1. In this paper we discuss the so called "quantum omelette" created by Bohr and Heisenberg through the mix of (ontic) objective accounts and (epistemic) subjective ones within the analysis of Quantum Mechanics (QM). We will begin by addressing the difficult relation between ontology and epistemology within the history of both physics and philosophy. We will then argue that the present "quantum omelette" is being presently cooked in two opposite directions: the first scrambling ontological problems with epistemological solutions and the second scrambling epistemic approaches with ontological questions. A good example of the former is a new type of argumentation strategy attempting to justify the use of decoherence, namely, the "For All Practical Purposes" (shortly known as FAPP) type of justification
    1. In this paper we address a deeply interesting debate that took place at the end of the last millennia between David Mermin, Adan Cabello and Michiel Seevinck, regarding the meaning of relationalism within quantum theory. In a series of papers, Mermin proposed an interpretation in which quantum correlations were considered as elements of physical reality. Unfortunately, the very young relational proposal by Mermin was too soon tackled by specially suited no-go theorems designed by Cabello and Seevinck
    1. A Franson-type test of Bell inequalities by photons 10.9 km apart is presented. Energy-time entangled photon pairs are measured using two-channel analyzers, leading to a violation of the inequalities by 16 standard deviations without subtracting accidental coincidences. Subtracting them, a two-photon interference visibility of 95.5% is observed, demonstrating that distances up to 10 km have no significant effect on entanglement. This sets quantum cryptography with photon pairs as a practical competitor to the schemes based on weak pulses.

      -

    1. It is well known since the work of J.S. Bell, that one cannot have locally preexistent values for all physical quantities, whether they are deterministic or stochastic

      -

    1. A quantum state represents neither properties of a physical system nor anyone's knowledge of its properties

      -

    1. adamsmith April 18, 2023 This works -- make sure it says "CERN Document Server" when you hover over the save icon. If it doesn't, your translator just hasn't updated -- should happen within 24hs or you can force it from the Advanced Tab of the Zotero preference and the connector preferences. Xuefeng Ding April 18, 2023 Looks good. Now it works on CDS! Thanks.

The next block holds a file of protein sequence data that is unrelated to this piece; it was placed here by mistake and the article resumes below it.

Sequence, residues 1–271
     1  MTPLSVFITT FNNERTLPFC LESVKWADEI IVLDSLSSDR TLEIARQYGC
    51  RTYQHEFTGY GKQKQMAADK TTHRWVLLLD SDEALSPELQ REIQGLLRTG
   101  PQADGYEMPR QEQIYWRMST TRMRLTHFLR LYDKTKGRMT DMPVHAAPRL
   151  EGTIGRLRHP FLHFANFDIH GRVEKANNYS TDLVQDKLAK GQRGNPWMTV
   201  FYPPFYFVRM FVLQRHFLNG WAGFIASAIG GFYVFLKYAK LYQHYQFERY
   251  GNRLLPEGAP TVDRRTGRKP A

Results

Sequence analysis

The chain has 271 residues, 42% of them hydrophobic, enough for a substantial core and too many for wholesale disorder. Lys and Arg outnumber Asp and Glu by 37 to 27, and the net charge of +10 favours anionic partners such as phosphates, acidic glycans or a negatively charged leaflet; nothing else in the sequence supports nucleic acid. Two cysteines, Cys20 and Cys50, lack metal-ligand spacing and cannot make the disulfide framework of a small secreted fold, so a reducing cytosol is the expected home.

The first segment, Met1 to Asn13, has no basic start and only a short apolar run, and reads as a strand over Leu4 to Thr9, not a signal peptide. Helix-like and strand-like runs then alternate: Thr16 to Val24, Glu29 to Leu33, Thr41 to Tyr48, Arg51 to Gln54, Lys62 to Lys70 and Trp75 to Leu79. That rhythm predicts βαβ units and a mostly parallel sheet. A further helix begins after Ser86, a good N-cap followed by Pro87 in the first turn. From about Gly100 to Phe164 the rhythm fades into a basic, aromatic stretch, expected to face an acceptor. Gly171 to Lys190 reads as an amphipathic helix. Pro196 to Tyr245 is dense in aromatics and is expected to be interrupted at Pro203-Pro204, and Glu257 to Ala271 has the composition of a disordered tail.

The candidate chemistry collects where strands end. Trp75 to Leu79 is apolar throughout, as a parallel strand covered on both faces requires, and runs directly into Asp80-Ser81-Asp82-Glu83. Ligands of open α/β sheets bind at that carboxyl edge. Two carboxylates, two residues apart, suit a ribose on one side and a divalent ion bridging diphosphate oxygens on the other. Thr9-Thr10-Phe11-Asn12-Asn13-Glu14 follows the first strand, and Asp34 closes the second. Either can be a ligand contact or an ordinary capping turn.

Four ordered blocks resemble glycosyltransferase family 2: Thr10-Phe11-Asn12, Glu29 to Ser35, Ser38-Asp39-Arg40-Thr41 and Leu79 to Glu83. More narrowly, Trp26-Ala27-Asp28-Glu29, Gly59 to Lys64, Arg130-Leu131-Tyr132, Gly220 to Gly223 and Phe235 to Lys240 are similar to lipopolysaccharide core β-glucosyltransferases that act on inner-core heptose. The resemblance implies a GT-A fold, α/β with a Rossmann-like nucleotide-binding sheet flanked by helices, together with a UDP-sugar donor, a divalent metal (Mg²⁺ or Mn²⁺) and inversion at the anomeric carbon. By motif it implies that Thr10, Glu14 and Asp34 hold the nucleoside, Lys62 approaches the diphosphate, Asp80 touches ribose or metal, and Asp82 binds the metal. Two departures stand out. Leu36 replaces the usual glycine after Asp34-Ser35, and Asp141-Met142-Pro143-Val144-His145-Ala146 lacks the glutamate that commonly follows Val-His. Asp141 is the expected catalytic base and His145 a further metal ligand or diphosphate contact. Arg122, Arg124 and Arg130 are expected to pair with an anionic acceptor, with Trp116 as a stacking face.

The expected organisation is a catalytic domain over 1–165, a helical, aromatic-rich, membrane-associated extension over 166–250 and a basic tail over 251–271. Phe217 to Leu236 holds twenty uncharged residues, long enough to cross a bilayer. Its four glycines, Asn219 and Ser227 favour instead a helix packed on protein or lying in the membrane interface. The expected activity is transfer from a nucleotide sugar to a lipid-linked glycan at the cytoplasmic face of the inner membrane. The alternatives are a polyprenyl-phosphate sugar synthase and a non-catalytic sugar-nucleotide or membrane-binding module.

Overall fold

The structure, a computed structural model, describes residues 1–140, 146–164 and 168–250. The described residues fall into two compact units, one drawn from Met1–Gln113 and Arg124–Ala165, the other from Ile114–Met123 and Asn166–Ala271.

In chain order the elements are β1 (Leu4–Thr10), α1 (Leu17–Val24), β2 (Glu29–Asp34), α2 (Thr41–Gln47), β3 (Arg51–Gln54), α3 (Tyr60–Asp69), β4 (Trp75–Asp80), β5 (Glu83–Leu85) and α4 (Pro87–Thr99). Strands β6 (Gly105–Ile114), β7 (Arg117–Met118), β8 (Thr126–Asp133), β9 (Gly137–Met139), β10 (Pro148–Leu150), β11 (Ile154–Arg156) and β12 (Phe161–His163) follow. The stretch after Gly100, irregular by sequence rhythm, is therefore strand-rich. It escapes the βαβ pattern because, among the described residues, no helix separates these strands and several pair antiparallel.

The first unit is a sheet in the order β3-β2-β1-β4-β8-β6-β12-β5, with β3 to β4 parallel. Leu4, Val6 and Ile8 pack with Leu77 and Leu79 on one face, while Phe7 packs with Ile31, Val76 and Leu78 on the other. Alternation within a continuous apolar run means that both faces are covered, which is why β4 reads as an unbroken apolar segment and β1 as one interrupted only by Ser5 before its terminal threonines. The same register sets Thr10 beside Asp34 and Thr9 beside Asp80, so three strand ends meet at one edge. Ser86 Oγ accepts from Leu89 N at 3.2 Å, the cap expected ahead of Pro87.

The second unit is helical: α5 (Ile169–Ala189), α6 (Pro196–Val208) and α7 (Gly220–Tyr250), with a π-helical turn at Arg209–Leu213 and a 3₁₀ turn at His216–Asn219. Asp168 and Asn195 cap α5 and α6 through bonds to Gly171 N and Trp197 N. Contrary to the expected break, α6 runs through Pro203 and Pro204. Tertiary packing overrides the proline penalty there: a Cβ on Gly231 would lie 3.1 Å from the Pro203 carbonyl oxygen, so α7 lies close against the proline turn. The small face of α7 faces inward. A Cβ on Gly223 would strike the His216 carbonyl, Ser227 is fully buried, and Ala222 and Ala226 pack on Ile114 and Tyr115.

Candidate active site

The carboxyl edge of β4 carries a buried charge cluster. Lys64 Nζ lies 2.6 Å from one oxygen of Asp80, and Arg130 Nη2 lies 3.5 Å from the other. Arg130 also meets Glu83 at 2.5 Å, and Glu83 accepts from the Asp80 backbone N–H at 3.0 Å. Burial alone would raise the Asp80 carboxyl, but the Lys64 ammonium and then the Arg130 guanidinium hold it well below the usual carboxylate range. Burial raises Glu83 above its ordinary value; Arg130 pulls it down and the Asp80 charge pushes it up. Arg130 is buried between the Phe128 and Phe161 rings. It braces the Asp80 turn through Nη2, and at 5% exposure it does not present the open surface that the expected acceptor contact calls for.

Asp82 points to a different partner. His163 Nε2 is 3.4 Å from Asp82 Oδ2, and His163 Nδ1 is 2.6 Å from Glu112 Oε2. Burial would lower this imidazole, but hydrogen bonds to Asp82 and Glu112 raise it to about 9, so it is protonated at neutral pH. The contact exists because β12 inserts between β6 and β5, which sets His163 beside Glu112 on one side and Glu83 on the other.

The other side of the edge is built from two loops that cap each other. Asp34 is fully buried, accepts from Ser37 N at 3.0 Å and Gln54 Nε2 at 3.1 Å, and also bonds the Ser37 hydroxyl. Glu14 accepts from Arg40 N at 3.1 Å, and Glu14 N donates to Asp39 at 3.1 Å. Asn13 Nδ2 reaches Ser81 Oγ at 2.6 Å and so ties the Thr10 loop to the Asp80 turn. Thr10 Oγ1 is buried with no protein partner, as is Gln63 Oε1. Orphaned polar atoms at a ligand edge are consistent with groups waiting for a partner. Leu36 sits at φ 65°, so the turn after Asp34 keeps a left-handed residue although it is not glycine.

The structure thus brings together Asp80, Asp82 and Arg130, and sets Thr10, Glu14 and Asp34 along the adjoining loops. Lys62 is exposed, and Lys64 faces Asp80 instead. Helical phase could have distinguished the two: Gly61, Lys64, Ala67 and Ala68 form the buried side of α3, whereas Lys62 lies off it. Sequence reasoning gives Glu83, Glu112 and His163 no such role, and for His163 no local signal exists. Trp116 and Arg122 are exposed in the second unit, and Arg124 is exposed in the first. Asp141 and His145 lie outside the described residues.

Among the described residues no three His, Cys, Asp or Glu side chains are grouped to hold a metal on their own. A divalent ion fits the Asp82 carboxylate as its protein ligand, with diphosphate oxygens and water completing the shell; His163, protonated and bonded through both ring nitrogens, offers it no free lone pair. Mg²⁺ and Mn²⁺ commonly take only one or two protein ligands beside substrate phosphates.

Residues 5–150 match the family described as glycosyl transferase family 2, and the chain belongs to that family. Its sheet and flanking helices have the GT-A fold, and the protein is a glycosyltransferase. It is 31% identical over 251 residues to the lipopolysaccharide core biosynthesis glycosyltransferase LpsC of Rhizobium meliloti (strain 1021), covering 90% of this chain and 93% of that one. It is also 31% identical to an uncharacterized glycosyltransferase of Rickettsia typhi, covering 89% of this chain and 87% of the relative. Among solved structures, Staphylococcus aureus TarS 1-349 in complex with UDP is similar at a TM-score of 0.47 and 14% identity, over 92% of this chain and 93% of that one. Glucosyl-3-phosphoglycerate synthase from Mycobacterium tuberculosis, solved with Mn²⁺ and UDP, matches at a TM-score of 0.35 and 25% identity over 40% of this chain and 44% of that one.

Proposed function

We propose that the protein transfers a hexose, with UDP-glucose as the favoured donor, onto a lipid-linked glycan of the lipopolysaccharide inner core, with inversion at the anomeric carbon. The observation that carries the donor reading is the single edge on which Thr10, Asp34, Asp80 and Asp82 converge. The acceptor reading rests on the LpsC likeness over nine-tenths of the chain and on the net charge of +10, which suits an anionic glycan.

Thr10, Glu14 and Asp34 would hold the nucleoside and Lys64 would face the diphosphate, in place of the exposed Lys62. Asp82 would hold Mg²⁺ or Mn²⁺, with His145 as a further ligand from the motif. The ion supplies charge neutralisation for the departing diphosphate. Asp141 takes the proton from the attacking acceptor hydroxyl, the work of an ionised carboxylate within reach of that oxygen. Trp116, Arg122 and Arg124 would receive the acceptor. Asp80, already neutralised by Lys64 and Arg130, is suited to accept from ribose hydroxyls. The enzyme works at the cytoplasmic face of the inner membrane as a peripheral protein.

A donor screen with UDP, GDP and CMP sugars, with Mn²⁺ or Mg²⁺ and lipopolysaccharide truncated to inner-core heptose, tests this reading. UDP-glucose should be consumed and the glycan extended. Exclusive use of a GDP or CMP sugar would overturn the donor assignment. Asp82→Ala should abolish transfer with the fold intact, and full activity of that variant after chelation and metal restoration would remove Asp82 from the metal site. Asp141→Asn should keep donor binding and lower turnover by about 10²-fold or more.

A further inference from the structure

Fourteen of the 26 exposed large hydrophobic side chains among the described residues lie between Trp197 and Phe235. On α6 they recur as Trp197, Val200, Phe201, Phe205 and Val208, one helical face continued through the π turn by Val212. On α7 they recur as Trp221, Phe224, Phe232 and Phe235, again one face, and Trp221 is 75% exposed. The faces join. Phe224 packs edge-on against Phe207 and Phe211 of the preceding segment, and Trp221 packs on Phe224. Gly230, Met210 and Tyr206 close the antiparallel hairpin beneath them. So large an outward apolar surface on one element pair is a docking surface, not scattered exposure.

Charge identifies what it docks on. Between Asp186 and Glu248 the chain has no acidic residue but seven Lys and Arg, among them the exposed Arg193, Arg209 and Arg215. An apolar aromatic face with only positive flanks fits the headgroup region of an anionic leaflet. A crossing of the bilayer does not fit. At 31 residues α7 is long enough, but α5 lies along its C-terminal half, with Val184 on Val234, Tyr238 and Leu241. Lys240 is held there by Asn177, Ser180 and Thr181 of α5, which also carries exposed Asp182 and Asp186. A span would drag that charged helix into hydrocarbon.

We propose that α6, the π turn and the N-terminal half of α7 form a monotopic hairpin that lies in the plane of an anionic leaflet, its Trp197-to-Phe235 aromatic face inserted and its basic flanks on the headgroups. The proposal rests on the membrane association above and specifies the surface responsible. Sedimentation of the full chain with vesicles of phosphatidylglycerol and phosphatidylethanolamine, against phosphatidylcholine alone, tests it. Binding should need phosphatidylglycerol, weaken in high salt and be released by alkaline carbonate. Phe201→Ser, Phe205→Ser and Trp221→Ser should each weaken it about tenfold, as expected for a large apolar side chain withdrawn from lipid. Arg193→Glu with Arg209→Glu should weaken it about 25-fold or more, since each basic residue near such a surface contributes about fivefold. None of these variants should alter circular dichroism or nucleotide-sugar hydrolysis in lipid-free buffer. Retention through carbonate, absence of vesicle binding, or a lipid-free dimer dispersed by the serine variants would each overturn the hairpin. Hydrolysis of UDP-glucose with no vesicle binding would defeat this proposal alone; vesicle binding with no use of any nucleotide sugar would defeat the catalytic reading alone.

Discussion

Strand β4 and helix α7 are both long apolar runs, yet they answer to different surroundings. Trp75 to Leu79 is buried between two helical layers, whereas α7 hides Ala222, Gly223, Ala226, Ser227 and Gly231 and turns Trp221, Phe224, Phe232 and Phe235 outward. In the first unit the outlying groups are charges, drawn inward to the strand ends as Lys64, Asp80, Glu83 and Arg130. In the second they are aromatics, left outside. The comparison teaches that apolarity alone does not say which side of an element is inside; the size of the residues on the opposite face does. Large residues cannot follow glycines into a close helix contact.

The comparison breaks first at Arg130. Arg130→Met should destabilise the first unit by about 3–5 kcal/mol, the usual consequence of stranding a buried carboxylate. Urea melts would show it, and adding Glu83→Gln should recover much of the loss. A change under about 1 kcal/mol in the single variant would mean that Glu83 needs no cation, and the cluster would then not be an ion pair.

• NEW translator
    2. roberto.franceschini September 17, 2021 I think I disagree on Inspires not having unique IDs. As a matter of fact I have python scripts (for BibDesk) that import from Inspires and CDS.Here is the doc https://github.com/inspirehep/rest-api-docand one example of document retrieval in JSONhttps://inspirehep.net/api/literature/451647CDS as well has an APIhttps://cds.cern.ch/help/hacking/search-engine-apiand one example of XML outputhttps://cds.cern.ch/record/2743741/export/xm?ln=en
      • see
    1. adomasven January 18, 2017 Oh, I was not aware of this, but certainly needs to be looked into. I've created an issue to track progress. adomasven July 20, 2017 This is now supported in the connectors. Find the config editor under [ext_url]/preferences/config.html. You can generally obtain the [ext_url] by navigating to the connector preferences.
      • HOW call Zotero.Prefs from translators???
    2. adamsmith January 11, 2017 so (from memory, but I think this is right) the connectors load up the translators into memory from Standalone, but they don't store the info for preference values anywhere. They then don't interact with Standalone while they execute the scraping code and only send the whole "package" (data and attachments) to Standalone, which is why the value for the preferences (which are in Standalone) come back as undefined. Or in other words, the translator.getHiddenPref function doesn't work in the connectors currently. There have been significant improvements for the next version of connectors made by Adomas, who I ping above, so I was hoping he'd know whether they handle this better.
      • doesnt work!!!
    3. None of the 'Z.getHiddenPref("ACS.highResPDF")' actually return a value, rather 'Undefined' even though these properties are clearly present in about:config of Zotero Standalone.
      • !!!
    1. Nowhere it is assumed that the noncontextual factorizabilityused in Eq. 18 should be accepted. A formula like Eq. 18 can certainly be obtained forsome noncontextual hidden-variables models but these models cannot agree with quantummechanics
      • CONCLUSION
    2. The claim of Lochak-Fine re-used, repeatedly by many authors (e.g., [14, 23] and referencestherein), is thus that Bell’s reasoning implicitly takes for granted that such non-contextualand non-physical joint probabilities like P (A1, A2, B1, B2) exist. As written in [10] ‘the ex-istence of deterministic [Local] hidden variables violates the quantum mechanical conditionthat joint probability distributions are well defined only for commuting observables
      • SEE!
    3. The claim is that assuming Bell’s factorizability for probabilitygenerally implies the existence of joint probabilities
      • VERY IMPORTANT
    4. Thebeauty and logic of the EPR deduction/theorem is often underappreciated and the fact thatcounterfactuality and determinism are actually derived and not inferred by EPR are stillnowadays misunderstood
      • ok, determinism derived
      • But Bell's theorem ALSO for non-determinism HV
    5. (i) was favored by Einstein, (ii) by Bohm, and (iii) by Bohr and followers3